Senators Richard Blumenthal (D-CT) and Bob Corker (R-TN) introduced the Generating Antibiotic Incentives Now (GAIN) Act (S. 1734), bipartisan legislation to spur development of new antibiotics to combat the spread of antibiotic resistant bacteria. Senators Blumenthal and Corker were joined by Senators Bennet (D-CO), Hatch (R-UT), Casey (D-PA), Coons (D-DE), and Alexander (R-TN)
In a press release announcing the legislation, Senator Blumenthal noted that, “While antibiotics are widely used by doctors to treat common infections, an increasing number of strains of bacterial infections are immune to existing antibiotics.” Blumenthal added that, “Antibiotic-resistant infections are on the rise, causing tens of thousands of deaths each year - disproportionately affecting children and the elderly - and leading to $26 billion in extra costs annually to the U.S. health care system.”
Antibiotic resistant “superbugs” have been on the rise for the last decade, with the rate of antibiotic resistant Staph infections approaching 50%. Currently, antibiotic-resistant MRSA infections are responsible for over 17,000 deaths in the U.S. each year.
Blumenthal said, “Superbugs or mutant germs resistant to present antibiotics are a growing public health horror – now targeted through this bipartisan proposal to speed creation and approval of new drugs against them. The threat of these new resistant bacterial infections, particularly threatening to children, seniors, and our returning troops, requires innovative antibiotics.”
The issue increasingly affects troops returning from Iraq and Afghanistan, as many of them have been exposed to a new, highly-resistant and contagious strain of Acinetobacter bacteria - 89% of infections caused by mutant strains of Acinetobacter are resistant to at least three classes of antibiotics and 15% are resistant to all forms of treatment.
To address this issue, the GAIN Act will provide incentives to increase the commercial value of innovative antibiotic drugs and streamline the regulatory process so that pioneering infectious disease products can reach patients. “Incentives for research and development and fast track FDA review are needed to stop these bacteria and infections from spreading,” Blumenthal asserted.
The bill would extend the exclusivity period for new qualified infections disease products by five (5) years. This extended period will be in addition to any extension for pediatric exclusivity. The legislation would not apply to supplement applications for presently approved drugs, a change that results in a new indication, or a modification to a structure of the product. The bill would also give a product an extended 6 months of exclusivity if the sponsor or manufacturer identifies a companion diagnostic test.
The bill instructs the Secretary of the Department of Health and Human Services (HHS) to create regulations to implement this legislation. The legislation sets out specific definitions of which products will qualify for the extended exclusivity period. If a product is determined to fall within the recognized category, the HHS Secretary will have the discretion to give it priority review.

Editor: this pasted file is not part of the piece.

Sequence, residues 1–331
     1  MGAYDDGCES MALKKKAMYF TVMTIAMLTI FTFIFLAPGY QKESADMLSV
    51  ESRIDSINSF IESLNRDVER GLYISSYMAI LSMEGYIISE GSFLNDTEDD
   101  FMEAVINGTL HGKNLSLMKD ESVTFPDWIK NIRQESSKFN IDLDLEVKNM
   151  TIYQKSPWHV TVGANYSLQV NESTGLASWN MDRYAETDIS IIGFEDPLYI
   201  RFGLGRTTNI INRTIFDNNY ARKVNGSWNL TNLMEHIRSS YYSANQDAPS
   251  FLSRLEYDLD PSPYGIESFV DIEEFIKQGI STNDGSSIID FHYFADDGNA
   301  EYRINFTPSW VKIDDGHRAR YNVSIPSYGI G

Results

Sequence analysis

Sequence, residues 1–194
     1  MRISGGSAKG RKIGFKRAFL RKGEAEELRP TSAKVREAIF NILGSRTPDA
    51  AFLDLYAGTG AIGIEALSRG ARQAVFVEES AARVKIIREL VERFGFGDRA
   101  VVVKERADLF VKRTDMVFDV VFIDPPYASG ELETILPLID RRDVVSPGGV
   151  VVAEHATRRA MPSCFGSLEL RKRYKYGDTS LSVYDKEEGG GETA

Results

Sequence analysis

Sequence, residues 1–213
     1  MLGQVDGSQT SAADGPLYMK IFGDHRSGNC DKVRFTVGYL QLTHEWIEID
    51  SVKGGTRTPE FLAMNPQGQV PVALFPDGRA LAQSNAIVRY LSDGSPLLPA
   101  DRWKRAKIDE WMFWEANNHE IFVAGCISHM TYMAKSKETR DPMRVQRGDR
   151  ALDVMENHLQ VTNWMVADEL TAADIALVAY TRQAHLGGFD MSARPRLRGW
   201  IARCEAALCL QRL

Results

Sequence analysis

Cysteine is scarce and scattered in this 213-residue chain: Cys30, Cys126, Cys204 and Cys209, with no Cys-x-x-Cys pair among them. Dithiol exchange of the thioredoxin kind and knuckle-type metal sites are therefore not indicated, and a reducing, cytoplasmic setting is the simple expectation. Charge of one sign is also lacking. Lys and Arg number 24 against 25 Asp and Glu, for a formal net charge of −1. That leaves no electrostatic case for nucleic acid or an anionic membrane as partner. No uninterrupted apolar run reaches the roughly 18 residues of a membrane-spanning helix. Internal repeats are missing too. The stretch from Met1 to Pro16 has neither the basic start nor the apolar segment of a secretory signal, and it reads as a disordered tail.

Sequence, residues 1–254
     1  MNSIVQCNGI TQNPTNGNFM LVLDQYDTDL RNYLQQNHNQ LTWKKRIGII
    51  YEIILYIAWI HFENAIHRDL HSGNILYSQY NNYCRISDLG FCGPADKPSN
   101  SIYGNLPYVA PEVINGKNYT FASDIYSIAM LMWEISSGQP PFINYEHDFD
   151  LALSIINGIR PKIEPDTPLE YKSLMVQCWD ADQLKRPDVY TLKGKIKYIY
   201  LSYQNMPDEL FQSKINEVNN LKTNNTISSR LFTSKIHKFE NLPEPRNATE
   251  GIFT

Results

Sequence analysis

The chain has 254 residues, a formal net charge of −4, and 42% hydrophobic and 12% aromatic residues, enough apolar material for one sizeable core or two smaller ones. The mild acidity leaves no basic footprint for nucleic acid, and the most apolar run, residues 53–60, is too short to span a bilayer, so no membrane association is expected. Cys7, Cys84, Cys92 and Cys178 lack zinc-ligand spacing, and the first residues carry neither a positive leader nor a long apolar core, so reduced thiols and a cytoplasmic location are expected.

Additionally, the legislation asks the Comptroller General to conduct a study on the need for incentives to encourage the research, development, and marketing of qualified infectious disease biological products. It would also instruct the Secretary to review guidelines for conducting clinical trials for antibiotics drugs and revise them as necessary.
The bill was referred to the Senate Health, Education, Labor and Pensions (HELP) Committee. The companion House Bill, H.R. 2182, was introduced back on June 15th, by Phil Gingrey (R-GA) and Diana DeGette (D-CO), and has nineteen (19) co-sponsors. The House bill was referred to the House Energy and Commerce Committee, Subcommittee on Health.
"Drug-resistant infections in Tennessee and across our country are posing an increasing threat to public health, and the federal government can play a constructive role in helping spur innovation of new drugs for treating these conditions. Without putting any federal dollars at stake, our bill provides meaningful market incentives to encourage development of new antibiotics that will help save lives and reduce health care costs,” Corker said. “By strengthening this segment of the market that currently has only a handful of new drugs in the pipeline, we can help ensure Americans at home and our troops abroad have access to treatments capable of combating these deadly infections.”
Sharon Ladin, Director of the Pew Health Group’s Antibiotics and Innovation Project commended Senators Blumenthal and Corker for their bipartisan leadership. She noted how, “The bill creates incentives to spur antibiotic innovation and brings us one step closer to delivering new, life-saving medicines to the growing number of Americans who urgently need them.”
The GAIN Act has been endorsed by 39 groups, including the National Military Vets Alliance, American Medical Association, St. Jude Children’s Research Hospital, and Children’s National Medical Center.